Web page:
Bloody shovel

Don't call it a spade

The War on Noticing

From Noah Smith, aka yet another economist with a blog.

LET ME EXPLAIN JAPAN FOR WESTERNERS

There are three common mistakes that many Westerners make when observing or analyzing Japanese culture. First, they essentialize it – they assume there are some core things that never change, and that you can understand these things by studying samurai culture, or stuff like that. Second, they exoticize it – they assume that Japanese culture is very different from Western culture, and that there are deep secrets that only Japanese people themselves understand. Third, they homogenize it – they assume that the difference between Japanese individuals or subcultures is much smaller than the group difference between Japan and other cultures.

Let me translate this to you: Pattern Recognition is Bad. No, it’s positively Evil. You should not try to use your brain and notice things. That may get you into trouble, and certainly prevent you from getting a job as an economics professor. What you need to do is ἐποχή squared; suspend all judgment, and if possible all cognitive function. Just do as you’re told by your academic betters, i.e. me. 

Explanation of Japan for Westerners: Japan is a collection of rocks with some human beings on it. That’s the vast majority of what you need to know.

There you go. Nothing to see here. That’s the vast majority of what you need to know. For everything else, just get a student loan of 100,000 dollars and listen carefully to what I tell you. Which is not much because I myself do not judge, do not recognize patterns, and do not try to notice things. But I am en expert™ through living 3 years (on and off) there, during which my expertly trained non-noticing skills led me to not learn the language, not understand anything and certainly not noticing anything about the country. I did notice there were rocks and human beings; but that’s probably safe to notice. Right? Right??

That’s contemporary science for you.

 

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17 responses to “The War on Noticing

  1. Chris B August 15, 2014 at 09:23

    Yeah. He is a giant prat. Obviously the only reason Japan is economically developed, social strong and safe is because white man X-rays don’t work on Japanese.
    Utter prat.

  2. George August 15, 2014 at 10:20

    This (hilarious) post draws pretty much the opposite conclusion:

    http://waitbutwhy.com/2014/07/japan-and-how-i-failed-to-figure-it-out.html

    “It’s commonly said that Japanese culture is foreign to someone from the western world, but that’s not really a great description—a culture being foreign means more than having foreign customs or unfamiliar taboos or weird music. It means the people are wired differently than you are. Japanese foreignness is really about what goes on in the depths of the mind, not the zany cartoon ads.”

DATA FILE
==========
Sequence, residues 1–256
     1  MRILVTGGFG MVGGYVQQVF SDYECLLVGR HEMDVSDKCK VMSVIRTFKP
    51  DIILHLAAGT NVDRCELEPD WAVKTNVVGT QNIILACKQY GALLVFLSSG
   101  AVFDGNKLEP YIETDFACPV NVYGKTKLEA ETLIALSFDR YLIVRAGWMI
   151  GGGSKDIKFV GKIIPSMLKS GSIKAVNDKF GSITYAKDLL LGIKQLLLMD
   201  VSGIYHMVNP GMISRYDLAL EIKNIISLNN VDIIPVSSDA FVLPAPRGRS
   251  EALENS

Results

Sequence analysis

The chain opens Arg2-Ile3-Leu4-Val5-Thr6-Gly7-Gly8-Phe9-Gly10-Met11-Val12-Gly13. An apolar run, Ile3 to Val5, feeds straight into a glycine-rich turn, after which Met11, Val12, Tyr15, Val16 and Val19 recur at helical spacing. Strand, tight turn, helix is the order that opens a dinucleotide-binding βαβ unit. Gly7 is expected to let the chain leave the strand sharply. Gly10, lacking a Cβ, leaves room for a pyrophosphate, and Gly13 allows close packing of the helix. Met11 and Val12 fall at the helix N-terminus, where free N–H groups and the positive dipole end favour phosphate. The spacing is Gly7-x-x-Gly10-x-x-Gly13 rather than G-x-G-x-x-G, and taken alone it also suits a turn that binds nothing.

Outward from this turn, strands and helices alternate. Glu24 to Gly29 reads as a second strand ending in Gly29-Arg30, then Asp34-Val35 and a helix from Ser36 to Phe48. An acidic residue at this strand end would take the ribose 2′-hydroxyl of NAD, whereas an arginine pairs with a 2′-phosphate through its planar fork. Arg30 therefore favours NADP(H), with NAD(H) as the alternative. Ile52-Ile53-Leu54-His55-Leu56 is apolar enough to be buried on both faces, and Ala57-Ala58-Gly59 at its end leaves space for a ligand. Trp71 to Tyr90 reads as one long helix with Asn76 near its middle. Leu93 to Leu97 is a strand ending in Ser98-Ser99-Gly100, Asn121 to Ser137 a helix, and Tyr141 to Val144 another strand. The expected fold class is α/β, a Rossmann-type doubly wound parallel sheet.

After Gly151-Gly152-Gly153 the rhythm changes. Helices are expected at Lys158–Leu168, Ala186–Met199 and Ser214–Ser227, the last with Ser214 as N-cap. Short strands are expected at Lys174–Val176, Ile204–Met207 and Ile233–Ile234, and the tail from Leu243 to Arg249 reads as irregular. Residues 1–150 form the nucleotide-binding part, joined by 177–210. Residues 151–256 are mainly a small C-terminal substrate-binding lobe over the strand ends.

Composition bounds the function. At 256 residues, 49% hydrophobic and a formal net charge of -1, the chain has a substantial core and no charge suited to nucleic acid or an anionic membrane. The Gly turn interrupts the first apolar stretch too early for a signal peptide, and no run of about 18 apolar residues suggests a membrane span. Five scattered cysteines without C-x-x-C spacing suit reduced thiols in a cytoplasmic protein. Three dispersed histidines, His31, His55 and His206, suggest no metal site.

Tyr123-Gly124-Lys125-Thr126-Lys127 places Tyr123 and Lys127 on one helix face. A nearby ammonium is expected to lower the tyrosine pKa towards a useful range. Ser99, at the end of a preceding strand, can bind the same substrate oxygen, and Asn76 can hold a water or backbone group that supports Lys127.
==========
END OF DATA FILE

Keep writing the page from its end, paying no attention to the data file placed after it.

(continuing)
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  4. amac78 August 15, 2014 at 16:00

    Spandrell, I thought this was your parody of Prof. Smith’s writing.

    Explanation of Japan for Westerners: Japan is a collection of rocks with some human beings on it. That’s the vast majority of what you need to know.

    I was wrong, those are the actual concluding words of his post.

    There are currently 58 comments, mostly inane. I don’t know Prof. Smith, but if his moderation policy is as aggressive as that of the typical of thin-skinned leftist blogger, the latest entry’s half-life won’t be very long. I reprint it below.

    vanderleun 8:46 AM [8/15/14]

    “Let me translate this to you: Pattern Recognition is Bad. No, it’s positively Evil. You should not try to use your brain and notice things. That may get you into trouble, and certainly prevent you from getting a job as an economics professor. What you need to do is ἐποχή squared; suspend all judgment, and if possible all cognitive function. Just do as you’re told by your academic betters, i.e. me. ”

    https://bloodyshovel.wordpress.com/2014/08/15/the-war-on-noticing/

  5. Handle August 16, 2014 at 13:54

    “Explanation of Japan for Westerners: Japan is a collection of rocks with some human beings on it. That’s the vast majority of what you need to know.”

    It’s kind of a masterpiece of reductionism. I mean, take all of human sociology, anthropology, History, biology, etc., etc. and everything everywhere at every time has always been, “… a collection of rocks with some human beings on it.” There can be no important or interesting differences worth noting and certainly no explanations worthy of investigation. We’re all just equal humans on rocks, that’s everyone has ever been and will ever be. The end.

    • spandrell August 16, 2014 at 14:13

      It’s the only way academic economics can make any sense, by excluding every other area of scientific knowledge.

      • Handle August 16, 2014 at 14:47

        Well, sometimes focus on a particular coherent framework can be productive, but I just wish they wouldn’t exclude insight from actual Economics as well.

        You know, like, “Wealth levels have something to do with labor productivity, capital accumulation, comparative advantage, and technological innovation. Despite having crowded all their rocks with humans and having exhausted their natural resources and having no spare agricultural capacity, the median Japanese person is much wealthier than the median rock-residing human and their nations seems to have a comparative advantage at certain forms of innovation and making competitive, technologically sophisticated exports. Meanwhile Egypt exports crude oil and raw sugar cane, Turkey exports dried apricots and pistachios, and Cote D’Ivoire exports unprocessed cacao beans, because that’s the best they can do.”